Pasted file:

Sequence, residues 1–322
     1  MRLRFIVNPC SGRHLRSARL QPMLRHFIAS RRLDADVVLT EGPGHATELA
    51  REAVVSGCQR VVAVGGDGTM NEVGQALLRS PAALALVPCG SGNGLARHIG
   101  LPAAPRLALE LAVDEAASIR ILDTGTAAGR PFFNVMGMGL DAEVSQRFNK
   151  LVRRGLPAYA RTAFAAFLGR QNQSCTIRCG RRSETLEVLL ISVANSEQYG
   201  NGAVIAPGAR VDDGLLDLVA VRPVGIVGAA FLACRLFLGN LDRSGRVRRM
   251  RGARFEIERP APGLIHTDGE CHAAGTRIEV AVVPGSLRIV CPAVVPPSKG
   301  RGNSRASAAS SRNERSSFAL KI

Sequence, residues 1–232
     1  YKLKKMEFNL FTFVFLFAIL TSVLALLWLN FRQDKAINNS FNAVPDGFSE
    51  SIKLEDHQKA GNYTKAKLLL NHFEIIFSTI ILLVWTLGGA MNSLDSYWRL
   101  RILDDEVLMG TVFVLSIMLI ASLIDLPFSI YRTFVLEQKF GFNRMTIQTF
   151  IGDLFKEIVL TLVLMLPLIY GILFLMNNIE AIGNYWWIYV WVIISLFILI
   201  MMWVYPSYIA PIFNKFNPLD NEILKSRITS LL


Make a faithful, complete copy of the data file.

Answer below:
Sequence, residues 1–322
     1  MRLRFIVNPC SGRHLRSARL QPMLRHFIAS RRLDADVVLT EGPGHATELA
    51  REAVVSGCQR VVAVGGDGTM NEVGQALLRS PAALALVPCG SGNGLARHIG
   101  LPAAPRLALE LAVDEAASIR ILDTGTAAGR PFFNVMGMGL DAEVSQRFNK
   151  LVRRGLPAYA RTAFAAFLGR QNQSCTIRCG RRSETLEVLL ISVANSEQYG
   201  NGAVIAPGAR VDDGLLDLVA VRPVGIVGAA FLACRLFLGN LDRSGRVRRM
   251  RGARFEIERP APGLIHTDGE CHAAGTRIEV AVVPGSLRIV CPAVVPPSKG
   301  RGNSRASAAS SRNERSSFAL KI

Sequence, residues 1–232
     1  YKLKKMEFNL FTFVFLFAIL TSVLALLWLN FRQDKAINNS FNAVPDGFSE
    51  SIKLEDHQKA GNYTKAKLLL NHFEIIFSTI ILLVWTLGGA MNSLDSYWRL
   101  RILDDEVLMG TVFVLSIMLI ASLIDLPFSI YRTFVLEQKF GFNRMTIQTF
   151  IGDLFKEIVL TLVLMLPLIY GILFLMNNIE AIGNYWWIYV WVIISLFILI
   201  MMWVYPSYIA PIFNKFNPLD NEILKSRITS LL